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Showing posts from May, 2019

Risen, Ascended, Glorified

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The Seventh Sunday of Easter
June 2, 2019

Today's hymns recall the Feast of the Ascension, celebrated this past Thursday on the 40th Day of Easter. Our hymnal places Ascension hymns at the end of the "Easter" section, but references to the Ascension are also found throughout The Hymnal 1982. For example, "Alleluia! sing to Jesus" (Hymn 460) specifically refers to the Ascension in the second stanza.

Our entrance hymn is "Hail the day that sees him rise" (Hymn 214), a joyful Easter hymn celebrating Christ's Ascension. Hear a recording: Hail the day that sees him rise

Exuberant joy is expressed through an "alleluia" at the end of every line. The text by Charles Wesley was first published in 1739 in England. The "alleluias" were added in the mid-19th century. Over the centuries, editors have abbreviated the hymn (which originally had 10 stanzas) and changed significant portions of the original language. 

The tune, Llanfair, is quintesse…

Come, Ye Faithful

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The Sixth Sunday of Easter
May 26, 2019


We continue our exploration of Easter hymns with two selections this week: "Come, ye faithful, raise the strain" and "The day of resurrection." These two hymns share many similarities. Both were written by St. John of Damascus, a Syrian monk and priest, in the eighth century. Both were originally written in Greek and translated into English by John Mason Neale. Both translations first appeared in Hymns of the Eastern Church, published in London in 1862.

Both hymns utilize imagery from the Old Testament. "Come, ye faithful" is based on "The Song of Moses," a canticle found in Exodus 15. "The day of resurrection" refers to "the Passover of gladness, the Passover of God." 

These hymn texts are paired with joyful tunes from different eras of music history. "Come, ye faithful" is set to two different tunes in our hymnal. The tune we are singing today, Gaudeamus pariter, is a joyful Ren…

Alleluia, Alleluia

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The Fifth Sunday of Easter
May 19, 2019

As we continue the Easter Feast, Praying Twice is focusing on Easter hymns. This week, we are singing one of the modern Easter hymns in The Hymnal 1982, "Alleluia, alleluia, give thanks to the risen Lord" (Alleluia No. 1). The words and music were written by Donald Fishel (b. 1950) when he was a college student. Listen to a recording: Alleluia No. 1

Fishel remains active as a composer and flute instructor. He currently lives in Nashville, Tennessee. 

Hymnologist C. Michael Hawn writes:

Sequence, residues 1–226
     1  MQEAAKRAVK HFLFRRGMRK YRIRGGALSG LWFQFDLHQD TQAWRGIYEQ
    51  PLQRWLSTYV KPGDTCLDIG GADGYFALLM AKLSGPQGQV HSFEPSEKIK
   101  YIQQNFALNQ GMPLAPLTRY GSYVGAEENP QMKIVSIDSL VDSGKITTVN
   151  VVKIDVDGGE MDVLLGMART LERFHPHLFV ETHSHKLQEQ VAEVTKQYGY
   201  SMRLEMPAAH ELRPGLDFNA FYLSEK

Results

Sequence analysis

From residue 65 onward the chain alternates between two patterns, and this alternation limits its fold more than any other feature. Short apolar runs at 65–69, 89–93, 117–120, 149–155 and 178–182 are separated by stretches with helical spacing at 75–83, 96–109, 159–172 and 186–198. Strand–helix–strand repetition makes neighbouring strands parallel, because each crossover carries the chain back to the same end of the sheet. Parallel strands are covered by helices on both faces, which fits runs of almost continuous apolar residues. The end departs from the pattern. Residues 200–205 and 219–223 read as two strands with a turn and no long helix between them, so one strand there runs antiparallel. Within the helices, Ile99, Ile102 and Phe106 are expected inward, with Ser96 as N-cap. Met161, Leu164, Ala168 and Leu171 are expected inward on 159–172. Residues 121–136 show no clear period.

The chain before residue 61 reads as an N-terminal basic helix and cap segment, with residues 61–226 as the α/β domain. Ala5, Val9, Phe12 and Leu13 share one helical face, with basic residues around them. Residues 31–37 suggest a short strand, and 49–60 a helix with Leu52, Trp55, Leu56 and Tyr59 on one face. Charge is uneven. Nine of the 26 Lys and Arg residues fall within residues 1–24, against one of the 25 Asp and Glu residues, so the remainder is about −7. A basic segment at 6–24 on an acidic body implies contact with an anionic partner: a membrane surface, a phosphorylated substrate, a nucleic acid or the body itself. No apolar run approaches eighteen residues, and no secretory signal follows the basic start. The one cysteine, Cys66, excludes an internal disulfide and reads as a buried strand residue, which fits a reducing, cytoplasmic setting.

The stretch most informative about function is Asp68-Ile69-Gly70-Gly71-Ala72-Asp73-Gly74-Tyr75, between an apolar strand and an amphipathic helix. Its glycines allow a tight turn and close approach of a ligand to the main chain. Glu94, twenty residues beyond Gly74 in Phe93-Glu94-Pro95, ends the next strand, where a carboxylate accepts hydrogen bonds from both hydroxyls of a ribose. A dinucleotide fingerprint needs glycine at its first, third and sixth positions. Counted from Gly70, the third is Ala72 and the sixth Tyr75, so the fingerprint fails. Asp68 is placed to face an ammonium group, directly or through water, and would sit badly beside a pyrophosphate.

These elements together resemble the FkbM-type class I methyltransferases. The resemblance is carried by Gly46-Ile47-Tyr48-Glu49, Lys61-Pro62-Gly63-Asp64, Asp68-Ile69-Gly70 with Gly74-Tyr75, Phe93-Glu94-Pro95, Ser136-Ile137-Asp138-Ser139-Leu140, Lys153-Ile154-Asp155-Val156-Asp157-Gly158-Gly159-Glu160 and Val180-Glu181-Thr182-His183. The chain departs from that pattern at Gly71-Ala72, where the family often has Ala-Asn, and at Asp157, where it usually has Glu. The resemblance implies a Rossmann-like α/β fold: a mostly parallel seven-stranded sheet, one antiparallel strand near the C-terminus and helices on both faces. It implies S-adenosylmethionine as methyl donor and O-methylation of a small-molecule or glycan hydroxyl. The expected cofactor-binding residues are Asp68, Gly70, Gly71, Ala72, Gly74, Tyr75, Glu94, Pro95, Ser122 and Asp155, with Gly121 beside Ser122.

In the years following the Second Vatican Council (1962-1965), Roman Catholic composers contributed many new songs for congregational use in a variety of musical styles. The folk song style of the 1960s and 1970s became very popular because of its fresh sound to parishioners of this era, the accessibility of the guitar and the singability of the tunes, especially for those unaccustomed to singing in the liturgy.

(History of Hymns: https://www.umcdiscipleship.o…

Victory

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The Fourth Sunday of Easter
May 12, 2019





During the Great Fifty Days of Easter, my articles in Praying Twice are focusing on Easter hymns. Today's entrance hymn is "The strife is o'er, the battle done," set to the tune Victory. One of the most popular Easter hymns, this pairing of text and tune was first published in England in 1861. It first appeared in an Episcopal hymnal in 1892. 

Hear a recording: The strife is o'er.

The original, anonymous Latin text appears in a publication from 1695; it is believed to be older. The music was adapted from a Magnificat by the great Italian Renaissance composer, Giovanni Pierluigi da Palestrina. William H. Monk, who adapted the music, composed the distinctive "Alleluias" that begin and end the hymn.

The tune conveys a stately grandeur appropriate for the Easter feast. The opening and closing alleluias form a fanfare, joyfully proclaiming Christ's resurrection. Every stanza concludes with a jubilant alleluia as well, …

Welcome, Happy Morning!

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The Third Sunday of Easter
May 5, 2019

As our celebration of the Great Fifty Days of Easter continues, we enjoy singing the wide variety of Easter hymns found in The Hymnal 1982. Today's entrance hymn - "Welcome, happy morning!" - is a favorite among many Episcopalians. Hear a recording: Welcome, happy morning!


The original Latin text dates from the sixth century and is drawn from a 114-line poem by Venantius Fortunatus. A popular hymn in the Middle Ages, it was translated into German in the 14th and 15th centuries. It is mentioned in correspondence between Archbishop Cranmer and King Henry VIII, and it was the first Latin hymn translated into English for church use. The translation we use today was created by John Ellerton in the 19th century.

The tune, Fortunatus, is named for the author of the text. The music was composed specifically for Ellerton's translation by Sir Arthur S. Sullivan. He published this combination of text and tune in an English hymnal which he edit…